Tuesday, 18 November 2014

In search of dental treatment in Tameside!

I’ve recently become aware of how difficult it is to obtain dental treatment if you’re not already registered with a dentist. My dentist struck me off his books some years ago, when I failed to attend a six-monthly appointment.

In Tameside, Greater Manchester, I have found that it can be almost impossible to obtain adequate dental treatment if you’re a NHS patient, but easy enough, if you’re prepared to pay up front.

Take as an example, my own recent experience. Last week, I started to get severe pain in my mouth and face because a tooth cavity needed a filling. For people who are registered with a dentist, getting a filling would be no problem. However, if you’re not registered with a dentist, it is necessary to ring what is called the ‘Emergency Dental Helpline’, a call-centre that tries to fix you up with an appointment with a local dentist.

On Monday, I got through to the Helpline but was told in spite of my pain, that nothing was available. I was then advised to ring the following morning at 8.00 am.  The next day, I managed to get through after a 15 minutes wait and was given an appointment at a dentist in Hyde. On arriving at the Clarendon Dental Practice, I registered and was asked for £18.50. For this I was given a temporary filling by a surly young Irishman who told me that I needed to register with a dentist to get urgent dental treatment as the filling he’d given me, wouldn’t last long. How right he was!

After being fleeced of £18.50 for very little effective treatment that still left me in pain, I made some inquiries about how to register with a dentist in Tameside. Tameside Hospital told me to contact the ‘Dental Department’ at the Ashton Primary Care Centre. When I phoned them, the young lady who took my call, told me quite emphatically, that the hospital shouldn’t have referred me to them as they only dealt with patients by referral. When I asked how one went about registering with a dentist in Tameside, I was told to ask friends and relatives or contact a dentist direct.

Having been compelled to pound the streets of Tameside in search of urgent dental treatment, I called in at two dental practices in Dukinfield, both of which, claimed to offer NHS dentistry. The first told me that they were not taking on NHS patients but they’d take me as a private patient and I was given a leaflet – “Welcome to access, a new approach to affordable dental care.” The leaflet claims: “Once you are registered as an access patient, you and every family member won’t have the hassle of searching for a dentist again.”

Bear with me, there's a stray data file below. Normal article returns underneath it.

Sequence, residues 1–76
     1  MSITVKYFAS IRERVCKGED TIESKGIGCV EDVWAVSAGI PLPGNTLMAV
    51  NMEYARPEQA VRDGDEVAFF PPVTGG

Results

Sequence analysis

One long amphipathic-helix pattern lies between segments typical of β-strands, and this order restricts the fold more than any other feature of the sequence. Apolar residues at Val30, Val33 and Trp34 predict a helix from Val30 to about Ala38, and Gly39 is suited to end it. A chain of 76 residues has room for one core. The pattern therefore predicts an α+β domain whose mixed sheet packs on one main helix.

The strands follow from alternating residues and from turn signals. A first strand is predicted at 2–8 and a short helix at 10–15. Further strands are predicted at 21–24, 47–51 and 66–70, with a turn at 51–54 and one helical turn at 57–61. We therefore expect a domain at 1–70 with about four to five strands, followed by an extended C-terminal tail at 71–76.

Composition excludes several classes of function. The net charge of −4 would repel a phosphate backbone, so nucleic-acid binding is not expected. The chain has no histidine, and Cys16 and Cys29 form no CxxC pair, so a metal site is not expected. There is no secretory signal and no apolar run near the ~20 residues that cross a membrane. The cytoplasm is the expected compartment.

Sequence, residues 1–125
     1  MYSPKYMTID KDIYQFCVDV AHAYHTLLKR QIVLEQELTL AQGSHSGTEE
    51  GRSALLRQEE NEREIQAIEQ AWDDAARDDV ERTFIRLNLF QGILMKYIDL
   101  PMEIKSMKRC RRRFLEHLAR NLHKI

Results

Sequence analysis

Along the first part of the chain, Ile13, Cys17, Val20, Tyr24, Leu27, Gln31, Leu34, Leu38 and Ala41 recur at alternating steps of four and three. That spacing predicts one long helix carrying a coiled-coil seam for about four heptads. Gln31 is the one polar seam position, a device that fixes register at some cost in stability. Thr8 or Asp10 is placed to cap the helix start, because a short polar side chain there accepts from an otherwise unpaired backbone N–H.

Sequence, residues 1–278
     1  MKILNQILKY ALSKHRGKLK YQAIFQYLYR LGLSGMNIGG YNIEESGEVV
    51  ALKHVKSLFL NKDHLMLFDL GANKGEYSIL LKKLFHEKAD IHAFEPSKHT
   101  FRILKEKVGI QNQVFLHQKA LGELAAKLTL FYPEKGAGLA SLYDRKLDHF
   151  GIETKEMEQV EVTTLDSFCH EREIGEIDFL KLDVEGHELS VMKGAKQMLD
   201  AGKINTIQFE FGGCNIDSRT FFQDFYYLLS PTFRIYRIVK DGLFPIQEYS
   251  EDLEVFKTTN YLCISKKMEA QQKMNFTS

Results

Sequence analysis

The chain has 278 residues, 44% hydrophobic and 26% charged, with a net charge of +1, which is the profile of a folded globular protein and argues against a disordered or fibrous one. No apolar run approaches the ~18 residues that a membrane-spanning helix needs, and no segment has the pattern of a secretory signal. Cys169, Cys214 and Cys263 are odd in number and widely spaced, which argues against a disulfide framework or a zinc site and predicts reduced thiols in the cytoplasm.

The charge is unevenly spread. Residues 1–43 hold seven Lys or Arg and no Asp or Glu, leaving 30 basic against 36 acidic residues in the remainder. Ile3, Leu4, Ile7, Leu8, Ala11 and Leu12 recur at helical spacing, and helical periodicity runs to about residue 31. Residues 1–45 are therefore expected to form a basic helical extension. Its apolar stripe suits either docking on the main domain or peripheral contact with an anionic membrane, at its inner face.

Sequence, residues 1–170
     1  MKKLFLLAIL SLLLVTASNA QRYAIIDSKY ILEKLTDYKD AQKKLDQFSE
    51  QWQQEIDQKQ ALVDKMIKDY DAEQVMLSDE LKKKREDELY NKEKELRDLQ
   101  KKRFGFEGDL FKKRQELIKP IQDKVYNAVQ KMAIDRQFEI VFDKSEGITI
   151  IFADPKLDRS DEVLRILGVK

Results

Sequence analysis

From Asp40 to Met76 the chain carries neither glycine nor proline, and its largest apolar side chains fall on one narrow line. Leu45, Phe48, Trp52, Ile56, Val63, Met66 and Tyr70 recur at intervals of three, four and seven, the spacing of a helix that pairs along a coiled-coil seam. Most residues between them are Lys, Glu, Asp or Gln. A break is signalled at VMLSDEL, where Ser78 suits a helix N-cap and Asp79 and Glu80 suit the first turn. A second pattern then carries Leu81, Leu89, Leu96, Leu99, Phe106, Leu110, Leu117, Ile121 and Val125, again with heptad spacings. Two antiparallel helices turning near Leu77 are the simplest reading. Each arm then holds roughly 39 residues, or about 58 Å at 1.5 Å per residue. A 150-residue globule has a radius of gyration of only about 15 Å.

I encountered a similar response from the second dentist that I visited. A pleasant and attractive young woman on reception politely told me that they’d take me on as a private patient but not as an NHS patient, because “the government won’t pay us for treating NHS patients.”

What I have experienced over these past few days makes it perfectly clear to me that the state of dental services in Tameside is an utter shambles. What kind of dental service have we got when you’re compelled to knock on a dentist’s door to see if he will take you on, or you’re advised by a NHS Primary Care Centre, to ask friends and relatives if they know of a dentist who is taking people on as NHS patients? When I later  called at the NHS Ashton Primary Care Centre,  in Old Street, to inquire which dentists in Tameside were taking on NHS patients, the staff on reception abruptly told me: “We don’t do dental”, even though they have a dental department.  What is even more curious is that I was told this by people working for an organisation, that claims: “The NHS is committed to providing NHS dentistry for anyone who seeks help in accessing services.”

In her article ‘Bad teeth – the new British disease’, published in the Daily Telegraph in January 2008, Alice Thomson wrote:

“In Britain today, you can stuff yourself on deep-fried mars bars, drink 20 pints a night, inject yourself with heroin, smoke 60 cigarettes a day or decide to change sex, and the NHS has an obligation to treat you. But if you’ve got bad teeth, forget it. You may be rolling on the bathroom floor in agony with an abscess, your gums riddled with disease…but the NHS doesn’t have to help you.”

According to a survey by Mori, conducted on behalf of the Citizen Advice Bureau, seven and a half million Britons have failed to gain access to an NHS dentist in the past two-years.  Despite the NHS claim that it is committed to providing NHS dentistry for anyone seeking it, Thomson says that it is now virtually impossible for many people to find an NHS dentist, and if they do manage to squeeze on to a list, they could be charged 80% of treatment costs unless they are a child, pregnant or on benefits.

In 1990, only 6% of dentist’s income came from private patients. Today, it is around 58%. And yet, while many NHS patients struggle to find a dentist, the NHS trains most dentists at a cost of around £175, 000. A spokesman for NHS England told me that only so much government funding, was being made to available to treat NHS patients for dental treatment, and this had run out in some areas.


james kelli said...

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Amela Jones said...

Valuable information.. Is there any further reading you would recommend on this?

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